Sixty-two percent of advisers believe the Department of Labor (DOL)’s fiduciary rule will damage their ability to serve clients, particularly those who are lower- or middle-income individuals, according to a new study.
The survey by the National Association of Insurance and Financial Advisors (NAIFA) examined the opinions of more than 1,667 of its members. The group found that more than 62% of advisers said the rule may push them to stop serving some or all of this clientele. Of those surveyed, 24.2% said they will lose all of their lower- and middle-income clients, while 41.3% said they will lose some.
“The DOL rule has a strong potential to be a very bad deal for consumers who are not wealthy, but who are trying to do the right thing for their families by preparing for the future,” says NAIFA President-elect Paul Dougherty. “Lower- and middle-income workers want and would benefit from the help of a professional adviser as they prepare for retirement, but they may find that help hard to come by under the DOL rule.”
According to the NAIFA survey, 56.7% of respondents said the fiduciary rule will have an entirely negative effect on business. The anticipated points of difficulty vary, with 49.5% percent saying they expect their compliance costs to go up significantly and an additional 29% reporting that they believe costs will rise modestly; meanwhile, 11% say they are not sure what the practical impact may be. Only 3% said the fiduciary rule’s effects are likely to be entirely positive.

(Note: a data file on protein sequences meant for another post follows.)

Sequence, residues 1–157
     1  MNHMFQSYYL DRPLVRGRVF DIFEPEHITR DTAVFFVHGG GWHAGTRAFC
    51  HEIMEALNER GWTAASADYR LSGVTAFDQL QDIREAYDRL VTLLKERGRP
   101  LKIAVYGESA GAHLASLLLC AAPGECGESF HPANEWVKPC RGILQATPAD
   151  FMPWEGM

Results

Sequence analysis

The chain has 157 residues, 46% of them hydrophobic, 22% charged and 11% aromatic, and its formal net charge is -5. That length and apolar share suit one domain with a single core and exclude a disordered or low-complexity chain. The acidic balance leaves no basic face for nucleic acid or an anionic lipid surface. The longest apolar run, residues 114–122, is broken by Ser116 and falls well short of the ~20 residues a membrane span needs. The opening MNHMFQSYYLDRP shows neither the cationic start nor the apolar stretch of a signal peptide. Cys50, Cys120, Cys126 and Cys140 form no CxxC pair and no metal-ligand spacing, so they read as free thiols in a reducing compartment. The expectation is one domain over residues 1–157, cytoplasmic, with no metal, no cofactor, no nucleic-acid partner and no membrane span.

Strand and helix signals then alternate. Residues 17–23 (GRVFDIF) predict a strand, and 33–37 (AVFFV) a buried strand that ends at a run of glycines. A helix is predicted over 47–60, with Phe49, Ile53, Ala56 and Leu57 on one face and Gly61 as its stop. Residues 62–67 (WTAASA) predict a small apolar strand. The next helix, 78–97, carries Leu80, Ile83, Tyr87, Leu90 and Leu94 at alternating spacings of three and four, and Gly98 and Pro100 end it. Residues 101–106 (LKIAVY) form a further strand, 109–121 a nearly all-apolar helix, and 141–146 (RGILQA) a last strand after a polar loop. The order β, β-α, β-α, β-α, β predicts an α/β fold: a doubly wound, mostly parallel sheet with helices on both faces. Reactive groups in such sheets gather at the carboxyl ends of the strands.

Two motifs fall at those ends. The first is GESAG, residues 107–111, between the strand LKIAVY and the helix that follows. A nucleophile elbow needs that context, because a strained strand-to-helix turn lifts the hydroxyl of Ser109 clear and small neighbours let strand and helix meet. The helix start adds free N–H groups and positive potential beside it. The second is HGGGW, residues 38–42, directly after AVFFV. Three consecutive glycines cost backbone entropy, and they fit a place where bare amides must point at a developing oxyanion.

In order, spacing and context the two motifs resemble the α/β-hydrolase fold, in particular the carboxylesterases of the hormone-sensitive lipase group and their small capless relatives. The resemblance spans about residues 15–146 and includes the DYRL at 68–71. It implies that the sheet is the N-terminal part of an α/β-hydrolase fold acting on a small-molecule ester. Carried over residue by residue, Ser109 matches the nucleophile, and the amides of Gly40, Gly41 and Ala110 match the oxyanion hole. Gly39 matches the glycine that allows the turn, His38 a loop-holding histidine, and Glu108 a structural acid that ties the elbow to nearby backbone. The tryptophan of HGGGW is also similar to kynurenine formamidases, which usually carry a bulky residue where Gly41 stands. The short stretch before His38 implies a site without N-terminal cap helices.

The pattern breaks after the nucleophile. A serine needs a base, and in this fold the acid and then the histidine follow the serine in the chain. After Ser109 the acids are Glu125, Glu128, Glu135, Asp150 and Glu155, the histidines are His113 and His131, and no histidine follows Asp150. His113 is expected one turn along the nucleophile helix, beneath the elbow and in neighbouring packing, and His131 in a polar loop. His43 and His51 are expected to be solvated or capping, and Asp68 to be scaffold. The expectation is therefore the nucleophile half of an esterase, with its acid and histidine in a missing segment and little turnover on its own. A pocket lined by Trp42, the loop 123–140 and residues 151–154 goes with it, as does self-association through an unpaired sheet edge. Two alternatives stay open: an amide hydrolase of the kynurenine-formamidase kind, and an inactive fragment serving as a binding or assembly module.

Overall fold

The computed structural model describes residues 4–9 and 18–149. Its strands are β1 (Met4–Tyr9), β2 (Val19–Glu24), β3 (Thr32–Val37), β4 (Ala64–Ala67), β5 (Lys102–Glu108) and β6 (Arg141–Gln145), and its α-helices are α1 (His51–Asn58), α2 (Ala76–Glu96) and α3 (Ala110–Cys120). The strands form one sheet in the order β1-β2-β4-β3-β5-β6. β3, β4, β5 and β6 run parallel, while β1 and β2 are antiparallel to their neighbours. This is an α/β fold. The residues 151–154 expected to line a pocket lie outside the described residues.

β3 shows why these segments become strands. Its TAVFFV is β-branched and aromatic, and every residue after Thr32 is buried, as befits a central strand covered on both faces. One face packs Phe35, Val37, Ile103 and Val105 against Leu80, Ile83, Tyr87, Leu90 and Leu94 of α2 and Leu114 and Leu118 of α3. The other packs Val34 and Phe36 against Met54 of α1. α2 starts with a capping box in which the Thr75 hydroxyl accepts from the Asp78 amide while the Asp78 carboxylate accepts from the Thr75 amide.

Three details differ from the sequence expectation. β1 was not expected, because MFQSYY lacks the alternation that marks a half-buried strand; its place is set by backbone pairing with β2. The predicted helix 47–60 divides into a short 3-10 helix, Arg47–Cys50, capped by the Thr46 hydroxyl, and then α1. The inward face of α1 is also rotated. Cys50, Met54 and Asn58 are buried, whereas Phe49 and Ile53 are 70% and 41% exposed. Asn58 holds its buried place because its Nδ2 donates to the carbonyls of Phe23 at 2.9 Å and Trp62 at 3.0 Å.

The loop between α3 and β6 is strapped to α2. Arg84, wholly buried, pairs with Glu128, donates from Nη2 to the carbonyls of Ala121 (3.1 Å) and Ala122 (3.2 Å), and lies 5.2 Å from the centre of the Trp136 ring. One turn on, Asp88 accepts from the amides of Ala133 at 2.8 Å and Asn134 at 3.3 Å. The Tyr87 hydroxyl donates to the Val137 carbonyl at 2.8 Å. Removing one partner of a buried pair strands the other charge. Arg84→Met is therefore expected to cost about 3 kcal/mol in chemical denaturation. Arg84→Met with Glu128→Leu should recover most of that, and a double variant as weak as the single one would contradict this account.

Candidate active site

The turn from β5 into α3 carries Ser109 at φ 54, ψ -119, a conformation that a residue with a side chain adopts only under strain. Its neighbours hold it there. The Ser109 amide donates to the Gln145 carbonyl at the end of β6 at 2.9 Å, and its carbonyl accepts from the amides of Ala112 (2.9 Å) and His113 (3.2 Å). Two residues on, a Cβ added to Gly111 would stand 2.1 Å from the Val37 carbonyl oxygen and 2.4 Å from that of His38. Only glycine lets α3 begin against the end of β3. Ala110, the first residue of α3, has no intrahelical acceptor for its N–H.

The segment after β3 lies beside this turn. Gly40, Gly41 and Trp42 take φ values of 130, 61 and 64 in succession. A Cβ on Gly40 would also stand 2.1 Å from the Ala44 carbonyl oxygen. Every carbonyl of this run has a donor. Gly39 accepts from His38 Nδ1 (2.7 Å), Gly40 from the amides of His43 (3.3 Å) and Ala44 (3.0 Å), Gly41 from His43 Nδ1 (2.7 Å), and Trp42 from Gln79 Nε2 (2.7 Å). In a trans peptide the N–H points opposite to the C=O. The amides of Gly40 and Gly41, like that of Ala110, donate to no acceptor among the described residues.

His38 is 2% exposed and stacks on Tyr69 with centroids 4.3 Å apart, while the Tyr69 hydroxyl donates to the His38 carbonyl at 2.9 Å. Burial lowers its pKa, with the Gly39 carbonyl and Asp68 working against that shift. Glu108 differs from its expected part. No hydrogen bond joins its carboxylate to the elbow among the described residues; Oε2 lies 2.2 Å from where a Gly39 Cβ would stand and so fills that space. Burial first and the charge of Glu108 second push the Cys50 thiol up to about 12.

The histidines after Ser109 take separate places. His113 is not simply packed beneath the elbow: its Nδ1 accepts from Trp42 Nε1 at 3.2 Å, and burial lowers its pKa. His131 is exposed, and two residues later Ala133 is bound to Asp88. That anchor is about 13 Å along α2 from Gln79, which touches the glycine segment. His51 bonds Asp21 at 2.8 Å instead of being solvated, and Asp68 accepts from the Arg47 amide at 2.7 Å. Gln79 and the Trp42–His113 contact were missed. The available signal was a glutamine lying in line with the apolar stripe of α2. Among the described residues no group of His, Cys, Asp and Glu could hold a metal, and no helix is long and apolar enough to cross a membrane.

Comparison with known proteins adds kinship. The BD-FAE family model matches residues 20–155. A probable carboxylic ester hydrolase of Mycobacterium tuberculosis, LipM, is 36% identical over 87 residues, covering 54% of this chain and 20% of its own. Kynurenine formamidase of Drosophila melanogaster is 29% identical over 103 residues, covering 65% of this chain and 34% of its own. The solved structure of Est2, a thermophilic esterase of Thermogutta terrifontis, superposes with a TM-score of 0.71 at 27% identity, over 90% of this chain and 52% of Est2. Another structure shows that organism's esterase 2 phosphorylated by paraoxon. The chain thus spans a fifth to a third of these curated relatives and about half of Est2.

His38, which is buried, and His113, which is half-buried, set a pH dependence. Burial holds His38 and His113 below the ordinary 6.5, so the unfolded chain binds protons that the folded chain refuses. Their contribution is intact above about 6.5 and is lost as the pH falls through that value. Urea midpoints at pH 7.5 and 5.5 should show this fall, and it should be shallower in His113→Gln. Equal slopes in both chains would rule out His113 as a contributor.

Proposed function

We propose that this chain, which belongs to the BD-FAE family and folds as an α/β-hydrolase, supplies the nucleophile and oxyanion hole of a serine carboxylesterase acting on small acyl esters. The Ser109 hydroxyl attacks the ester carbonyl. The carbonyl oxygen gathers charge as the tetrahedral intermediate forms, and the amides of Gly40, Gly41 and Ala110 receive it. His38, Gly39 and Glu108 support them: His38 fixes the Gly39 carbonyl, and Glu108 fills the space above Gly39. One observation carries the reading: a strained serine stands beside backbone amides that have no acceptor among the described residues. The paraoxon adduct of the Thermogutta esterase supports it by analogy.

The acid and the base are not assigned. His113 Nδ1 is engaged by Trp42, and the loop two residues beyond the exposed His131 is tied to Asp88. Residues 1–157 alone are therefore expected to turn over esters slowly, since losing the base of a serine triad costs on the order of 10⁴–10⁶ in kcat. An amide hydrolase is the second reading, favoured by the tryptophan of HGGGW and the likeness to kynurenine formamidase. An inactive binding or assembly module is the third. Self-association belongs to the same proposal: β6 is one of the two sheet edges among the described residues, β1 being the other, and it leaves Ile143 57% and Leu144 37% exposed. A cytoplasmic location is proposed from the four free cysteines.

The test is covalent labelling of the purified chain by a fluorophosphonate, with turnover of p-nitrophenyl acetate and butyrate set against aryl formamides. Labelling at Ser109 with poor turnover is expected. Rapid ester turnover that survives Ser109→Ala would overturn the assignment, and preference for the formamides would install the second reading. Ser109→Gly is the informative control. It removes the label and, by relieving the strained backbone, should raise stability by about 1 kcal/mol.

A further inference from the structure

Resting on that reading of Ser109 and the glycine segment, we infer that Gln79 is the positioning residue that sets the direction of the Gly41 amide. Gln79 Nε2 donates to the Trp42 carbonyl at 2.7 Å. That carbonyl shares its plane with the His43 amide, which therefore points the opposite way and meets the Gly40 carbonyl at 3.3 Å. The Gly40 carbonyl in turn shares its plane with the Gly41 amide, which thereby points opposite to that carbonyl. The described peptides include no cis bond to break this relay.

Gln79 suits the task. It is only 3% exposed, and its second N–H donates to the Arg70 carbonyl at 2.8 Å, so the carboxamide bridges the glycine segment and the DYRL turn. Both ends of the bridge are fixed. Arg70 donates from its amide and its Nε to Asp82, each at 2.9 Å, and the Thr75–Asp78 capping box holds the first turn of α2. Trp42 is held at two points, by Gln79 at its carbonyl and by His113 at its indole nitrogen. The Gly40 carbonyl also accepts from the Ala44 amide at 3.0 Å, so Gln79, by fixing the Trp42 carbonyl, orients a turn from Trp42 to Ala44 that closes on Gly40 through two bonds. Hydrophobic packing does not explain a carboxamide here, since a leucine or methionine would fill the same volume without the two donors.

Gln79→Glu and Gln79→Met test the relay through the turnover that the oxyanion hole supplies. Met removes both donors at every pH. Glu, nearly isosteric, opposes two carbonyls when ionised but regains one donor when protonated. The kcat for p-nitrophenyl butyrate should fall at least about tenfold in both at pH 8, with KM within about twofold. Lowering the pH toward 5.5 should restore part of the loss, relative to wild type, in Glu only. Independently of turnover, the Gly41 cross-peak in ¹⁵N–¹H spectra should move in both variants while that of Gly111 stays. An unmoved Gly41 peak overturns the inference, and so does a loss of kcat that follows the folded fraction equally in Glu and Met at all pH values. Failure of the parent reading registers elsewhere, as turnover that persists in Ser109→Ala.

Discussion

“NAIFA members are dedicated to serving lower- and middle-income clients,” says Dougherty. “But much of this is out of the advisors’ hands. Several financial institutions have already said they will no longer provide retirement investment products because of the DOL rule’s compliance costs. Others may follow suit or restrict their business to wealthier clients.”
The research comes in the midst of controversy surrounding the DOL’s fiduciary rule, which goes into effect in 2017. In June, NAIFA “reluctantly” filed a lawsuit asking the courts to declare the rule arbitrary and capricious. The insurance advocacy group added to the list of organizations in the wider financial services industry who have filed lawsuits challenging the legitimacy of the fiduciary rule.